CONTACT US:
Sunday / May 19

Discover What Happens: When You Center Students

Another World is Possible

In April 2019, educator Shane Safir attended a convening of the Deeper Learning Dozen, a collaborative of 12 U.S. and Canadian school districts under the leadership of professor Jal Mehta from the Harvard Graduate School of Education. In chapter one of her bestselling book Street Data, co-authored with Jamila Dugan, Safir describes an exercise she participated in at the convening, during which participants were directed to arrange themselves in the room according to a Western, colonial view of society. Safir and the other women under 50 stand behind the women under 40, who in turn are behind the men. The “old ladies” over 50 are dismissed to the back along with participants roleplaying children. No one in the rigid, hierarchical structure is very comfortable within this power structure.

Safir goes on to describe what happens when the group is invited to arrange themselves in a different way:

Next, we are directed by our teachers to re-form as a pre-colonial Indigenous community. We pull the chairs to the edges of the room as the elders lay a patchwork of woven blankets in the center. … The children of our village are asked to visit a nearby table and choose a ‘gift’ before sitting in a circle around the fabrics. … The ‘old ladies’ are retrieved from the other room and asked to encircle the children. Next, the aunties, uncles, mothers, and fathers (I’m in that group now) surround the elder women, and finally, the spiritual warriors surround us. I am once again moved to tears, this time by the centering of children and the felt sense of connection.

Read the excerpt of Street Data.

Since that first convening, Safir has continued to partner with the Ministry of Education in British Columbia–which serves 553,000 school students across 60 school districts–to grow and expand the Ministry’s provincial data framework to incorporate street-level data with a lens of equity and inclusion for historically marginalized communities.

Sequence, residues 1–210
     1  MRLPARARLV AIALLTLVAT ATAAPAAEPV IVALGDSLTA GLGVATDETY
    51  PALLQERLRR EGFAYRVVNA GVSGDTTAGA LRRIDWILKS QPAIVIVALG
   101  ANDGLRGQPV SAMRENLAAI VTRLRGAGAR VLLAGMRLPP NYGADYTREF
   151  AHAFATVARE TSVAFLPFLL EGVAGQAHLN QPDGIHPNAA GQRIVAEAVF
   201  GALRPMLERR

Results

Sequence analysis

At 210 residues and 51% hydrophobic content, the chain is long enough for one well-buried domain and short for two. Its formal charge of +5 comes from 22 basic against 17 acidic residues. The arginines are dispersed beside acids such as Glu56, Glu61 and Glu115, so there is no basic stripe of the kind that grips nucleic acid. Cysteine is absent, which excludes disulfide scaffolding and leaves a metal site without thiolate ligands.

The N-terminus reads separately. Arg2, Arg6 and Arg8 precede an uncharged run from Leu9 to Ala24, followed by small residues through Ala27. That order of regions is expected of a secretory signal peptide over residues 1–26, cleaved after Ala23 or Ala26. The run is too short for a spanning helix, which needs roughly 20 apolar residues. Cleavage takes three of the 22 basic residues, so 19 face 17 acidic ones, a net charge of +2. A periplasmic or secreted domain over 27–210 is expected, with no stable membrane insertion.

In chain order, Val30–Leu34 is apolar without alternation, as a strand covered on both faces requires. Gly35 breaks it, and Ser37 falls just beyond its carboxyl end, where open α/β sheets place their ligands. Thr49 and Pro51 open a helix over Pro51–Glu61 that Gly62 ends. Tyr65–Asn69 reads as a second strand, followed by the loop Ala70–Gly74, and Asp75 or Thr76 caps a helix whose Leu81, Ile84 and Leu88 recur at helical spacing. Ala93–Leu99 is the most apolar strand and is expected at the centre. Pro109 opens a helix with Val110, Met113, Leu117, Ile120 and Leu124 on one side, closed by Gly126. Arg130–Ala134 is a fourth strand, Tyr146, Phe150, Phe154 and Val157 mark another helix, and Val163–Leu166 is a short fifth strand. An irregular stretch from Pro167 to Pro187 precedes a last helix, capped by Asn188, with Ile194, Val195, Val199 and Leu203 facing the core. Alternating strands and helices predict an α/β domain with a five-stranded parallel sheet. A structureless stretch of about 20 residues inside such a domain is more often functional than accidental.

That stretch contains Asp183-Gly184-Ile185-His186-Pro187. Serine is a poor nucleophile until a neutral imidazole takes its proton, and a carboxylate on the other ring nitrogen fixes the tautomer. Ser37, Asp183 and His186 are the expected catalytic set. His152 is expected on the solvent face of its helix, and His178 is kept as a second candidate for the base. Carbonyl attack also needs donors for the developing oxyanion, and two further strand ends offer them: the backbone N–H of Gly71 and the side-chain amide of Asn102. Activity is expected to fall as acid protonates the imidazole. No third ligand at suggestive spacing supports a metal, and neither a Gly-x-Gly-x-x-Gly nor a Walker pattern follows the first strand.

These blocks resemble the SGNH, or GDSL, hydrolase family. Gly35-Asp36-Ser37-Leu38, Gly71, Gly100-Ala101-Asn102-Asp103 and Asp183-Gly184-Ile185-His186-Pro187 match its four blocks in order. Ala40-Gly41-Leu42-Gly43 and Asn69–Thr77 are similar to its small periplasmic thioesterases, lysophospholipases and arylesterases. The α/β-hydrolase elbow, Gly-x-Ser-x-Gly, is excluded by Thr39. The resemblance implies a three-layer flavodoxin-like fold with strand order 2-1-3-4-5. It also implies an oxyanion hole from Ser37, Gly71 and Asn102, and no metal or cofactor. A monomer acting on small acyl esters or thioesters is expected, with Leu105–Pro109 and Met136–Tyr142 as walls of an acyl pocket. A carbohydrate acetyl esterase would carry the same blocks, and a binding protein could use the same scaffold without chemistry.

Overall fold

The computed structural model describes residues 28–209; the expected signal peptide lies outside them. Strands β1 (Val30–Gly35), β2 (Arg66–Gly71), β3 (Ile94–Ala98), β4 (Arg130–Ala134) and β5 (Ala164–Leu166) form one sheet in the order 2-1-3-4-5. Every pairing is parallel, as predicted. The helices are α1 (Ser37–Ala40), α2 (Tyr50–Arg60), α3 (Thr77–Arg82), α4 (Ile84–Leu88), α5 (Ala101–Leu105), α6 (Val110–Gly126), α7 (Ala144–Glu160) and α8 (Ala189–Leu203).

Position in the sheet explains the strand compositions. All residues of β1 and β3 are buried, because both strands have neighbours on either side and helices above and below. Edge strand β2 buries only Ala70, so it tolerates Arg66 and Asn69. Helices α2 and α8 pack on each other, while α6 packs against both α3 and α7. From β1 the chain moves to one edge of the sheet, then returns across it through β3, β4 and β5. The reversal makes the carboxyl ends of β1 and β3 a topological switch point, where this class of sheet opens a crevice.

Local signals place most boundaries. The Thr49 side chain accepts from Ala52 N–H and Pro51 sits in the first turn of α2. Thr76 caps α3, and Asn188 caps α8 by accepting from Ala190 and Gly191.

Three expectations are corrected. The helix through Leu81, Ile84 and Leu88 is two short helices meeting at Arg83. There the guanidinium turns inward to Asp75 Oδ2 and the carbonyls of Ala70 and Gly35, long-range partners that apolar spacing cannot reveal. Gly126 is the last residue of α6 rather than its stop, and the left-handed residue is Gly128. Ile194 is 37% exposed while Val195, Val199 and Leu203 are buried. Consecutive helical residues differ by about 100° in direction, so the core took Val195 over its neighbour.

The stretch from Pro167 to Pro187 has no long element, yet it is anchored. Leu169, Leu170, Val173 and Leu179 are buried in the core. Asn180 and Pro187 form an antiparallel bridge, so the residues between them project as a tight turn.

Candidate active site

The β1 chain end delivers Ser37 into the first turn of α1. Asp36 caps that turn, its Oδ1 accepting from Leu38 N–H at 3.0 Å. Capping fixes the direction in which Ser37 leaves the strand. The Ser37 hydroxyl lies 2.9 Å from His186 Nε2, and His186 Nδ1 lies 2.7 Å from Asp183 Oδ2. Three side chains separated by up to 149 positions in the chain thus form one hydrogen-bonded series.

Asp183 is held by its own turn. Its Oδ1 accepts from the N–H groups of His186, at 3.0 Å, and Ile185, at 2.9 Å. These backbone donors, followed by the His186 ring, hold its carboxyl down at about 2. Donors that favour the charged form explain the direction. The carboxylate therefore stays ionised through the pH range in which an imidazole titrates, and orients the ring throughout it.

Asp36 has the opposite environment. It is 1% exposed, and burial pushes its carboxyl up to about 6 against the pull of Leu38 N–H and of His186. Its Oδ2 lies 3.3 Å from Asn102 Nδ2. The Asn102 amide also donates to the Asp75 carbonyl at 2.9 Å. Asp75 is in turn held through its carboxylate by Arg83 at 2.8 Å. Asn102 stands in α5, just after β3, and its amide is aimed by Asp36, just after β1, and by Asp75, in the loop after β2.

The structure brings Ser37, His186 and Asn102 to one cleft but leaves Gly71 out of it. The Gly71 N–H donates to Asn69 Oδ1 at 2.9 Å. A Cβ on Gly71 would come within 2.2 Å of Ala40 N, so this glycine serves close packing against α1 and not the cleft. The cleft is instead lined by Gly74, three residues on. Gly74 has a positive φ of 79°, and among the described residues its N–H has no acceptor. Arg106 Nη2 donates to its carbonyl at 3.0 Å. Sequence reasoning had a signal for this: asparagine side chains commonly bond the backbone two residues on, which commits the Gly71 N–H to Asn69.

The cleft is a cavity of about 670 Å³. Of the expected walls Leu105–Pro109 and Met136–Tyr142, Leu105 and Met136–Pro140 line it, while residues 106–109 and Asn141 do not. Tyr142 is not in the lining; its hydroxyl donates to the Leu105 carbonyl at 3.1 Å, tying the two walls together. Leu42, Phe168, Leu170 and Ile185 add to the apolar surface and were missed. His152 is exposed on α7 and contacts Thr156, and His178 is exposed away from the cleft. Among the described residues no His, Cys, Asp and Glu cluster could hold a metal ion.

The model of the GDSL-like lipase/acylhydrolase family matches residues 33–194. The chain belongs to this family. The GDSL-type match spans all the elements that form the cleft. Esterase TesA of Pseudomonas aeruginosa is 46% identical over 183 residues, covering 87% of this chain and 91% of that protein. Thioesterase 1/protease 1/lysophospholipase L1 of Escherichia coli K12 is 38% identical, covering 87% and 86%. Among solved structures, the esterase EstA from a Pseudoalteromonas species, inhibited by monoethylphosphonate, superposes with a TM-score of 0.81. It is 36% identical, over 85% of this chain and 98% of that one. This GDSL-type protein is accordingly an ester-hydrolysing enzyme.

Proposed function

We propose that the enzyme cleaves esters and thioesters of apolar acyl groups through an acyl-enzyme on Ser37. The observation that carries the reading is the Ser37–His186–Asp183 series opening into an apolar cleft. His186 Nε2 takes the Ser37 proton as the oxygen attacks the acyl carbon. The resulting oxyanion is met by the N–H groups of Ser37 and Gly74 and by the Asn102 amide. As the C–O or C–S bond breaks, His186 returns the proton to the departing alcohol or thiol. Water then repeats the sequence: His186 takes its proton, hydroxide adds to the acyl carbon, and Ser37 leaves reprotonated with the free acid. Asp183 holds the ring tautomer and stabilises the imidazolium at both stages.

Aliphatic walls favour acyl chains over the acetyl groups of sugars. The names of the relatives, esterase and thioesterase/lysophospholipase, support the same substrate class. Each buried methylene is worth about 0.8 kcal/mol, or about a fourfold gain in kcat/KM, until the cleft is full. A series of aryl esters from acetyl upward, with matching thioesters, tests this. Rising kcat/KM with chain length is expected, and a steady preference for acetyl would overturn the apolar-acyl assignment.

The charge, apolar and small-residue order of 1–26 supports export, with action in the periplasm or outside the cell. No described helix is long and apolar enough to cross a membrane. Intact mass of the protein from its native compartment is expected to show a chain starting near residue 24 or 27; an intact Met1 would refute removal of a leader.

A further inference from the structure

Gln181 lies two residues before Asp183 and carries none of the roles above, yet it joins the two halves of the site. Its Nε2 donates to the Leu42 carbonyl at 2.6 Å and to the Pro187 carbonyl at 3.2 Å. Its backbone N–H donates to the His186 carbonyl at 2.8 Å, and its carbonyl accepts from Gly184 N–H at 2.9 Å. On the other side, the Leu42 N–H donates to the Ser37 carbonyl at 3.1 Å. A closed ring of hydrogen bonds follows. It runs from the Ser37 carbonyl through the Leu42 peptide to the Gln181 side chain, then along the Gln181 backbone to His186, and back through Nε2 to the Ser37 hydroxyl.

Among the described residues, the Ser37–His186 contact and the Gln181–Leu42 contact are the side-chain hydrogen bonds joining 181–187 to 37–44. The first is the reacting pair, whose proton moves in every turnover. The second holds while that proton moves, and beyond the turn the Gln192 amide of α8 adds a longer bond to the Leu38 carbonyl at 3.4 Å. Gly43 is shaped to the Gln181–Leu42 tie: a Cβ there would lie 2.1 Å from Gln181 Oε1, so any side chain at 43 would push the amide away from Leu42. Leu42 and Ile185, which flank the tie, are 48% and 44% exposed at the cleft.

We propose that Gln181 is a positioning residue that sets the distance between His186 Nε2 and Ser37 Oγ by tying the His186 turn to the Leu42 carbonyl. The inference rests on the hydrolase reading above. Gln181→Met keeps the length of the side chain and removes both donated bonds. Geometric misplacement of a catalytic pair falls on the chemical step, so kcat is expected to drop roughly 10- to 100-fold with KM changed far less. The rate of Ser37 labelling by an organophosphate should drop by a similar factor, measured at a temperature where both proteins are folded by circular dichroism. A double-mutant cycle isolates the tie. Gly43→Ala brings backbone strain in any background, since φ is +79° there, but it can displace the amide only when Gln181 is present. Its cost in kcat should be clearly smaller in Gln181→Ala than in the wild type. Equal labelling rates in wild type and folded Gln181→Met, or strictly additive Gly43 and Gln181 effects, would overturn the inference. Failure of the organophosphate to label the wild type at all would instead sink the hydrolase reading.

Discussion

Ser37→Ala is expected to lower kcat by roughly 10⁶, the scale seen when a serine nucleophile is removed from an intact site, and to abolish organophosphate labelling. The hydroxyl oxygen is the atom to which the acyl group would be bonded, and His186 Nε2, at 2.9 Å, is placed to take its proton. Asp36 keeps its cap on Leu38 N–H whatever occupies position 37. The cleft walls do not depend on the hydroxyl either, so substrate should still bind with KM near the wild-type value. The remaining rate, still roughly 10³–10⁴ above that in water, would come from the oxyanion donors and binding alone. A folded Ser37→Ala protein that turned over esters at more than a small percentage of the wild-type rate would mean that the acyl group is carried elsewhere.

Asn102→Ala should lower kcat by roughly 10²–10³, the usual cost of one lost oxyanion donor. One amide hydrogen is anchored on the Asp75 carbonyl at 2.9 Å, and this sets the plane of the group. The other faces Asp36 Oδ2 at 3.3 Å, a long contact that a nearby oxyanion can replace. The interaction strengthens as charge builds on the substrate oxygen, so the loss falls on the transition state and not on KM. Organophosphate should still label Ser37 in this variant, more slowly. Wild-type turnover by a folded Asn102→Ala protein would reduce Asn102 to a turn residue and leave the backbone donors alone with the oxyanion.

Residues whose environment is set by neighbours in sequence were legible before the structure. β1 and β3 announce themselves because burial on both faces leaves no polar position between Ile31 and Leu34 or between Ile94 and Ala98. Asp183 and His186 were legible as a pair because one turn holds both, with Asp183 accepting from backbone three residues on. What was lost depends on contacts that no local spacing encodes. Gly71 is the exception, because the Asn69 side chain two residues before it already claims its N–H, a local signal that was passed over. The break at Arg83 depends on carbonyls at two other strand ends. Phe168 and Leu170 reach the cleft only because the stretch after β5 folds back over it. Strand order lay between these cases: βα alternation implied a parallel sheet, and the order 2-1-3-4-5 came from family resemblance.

Street data refers to data collected from the stories and experiences of people who are often on the margins yet closest to the issue being studied.

Do We Have the Humility to Walk Shoulder to Shoulder With Children?

Central to Safir’s work with school districts in British Columbia, California, and Washington is the practice, exemplified in the exercise at the Deeper Learning Dozen convening, of centering student voice. Safir and Denise Augustine—an Indigenous education leader whose work is highlighted in Chapter 1 of Street Data—together with Jamila Dugan and Street Data Pod co-host Alcine Mumby, recently discussed Indigenous pedagogy and the importance of student voice in “Walking Shoulder to Shoulder With Children.” During the conversation, Augustine connects the practice of centering student voice to Indigenous pedagogy, which she defines as the ways in which educators choose to show up and engage. “Do we view ourselves as sole keepers of the knowledge, or as facilitators of learning? Do we view ourselves as dominant over children, or can we have the humility to see ourselves walking shoulder to shoulder? Are we able to understand that children, if we allow it, teach us as much, if not more, about who we are and the world we live in than we teach them?”

Students Ask: Why Can’t the Classroom Be Based Around Us?

To understand what happens when educators make space for student voice, we turn to another episode of the Street Data Pod in which Safir and Mumby are joined by Ari and Harshan, two high school students who each lead student groups advocating for change in their schools. Two kinds of empowerment shine through as Ari and Harshan talk about their respective projects creating safe spaces and transforming the school’s assessment system—the power students feel in trusting themselves and the power of being in community.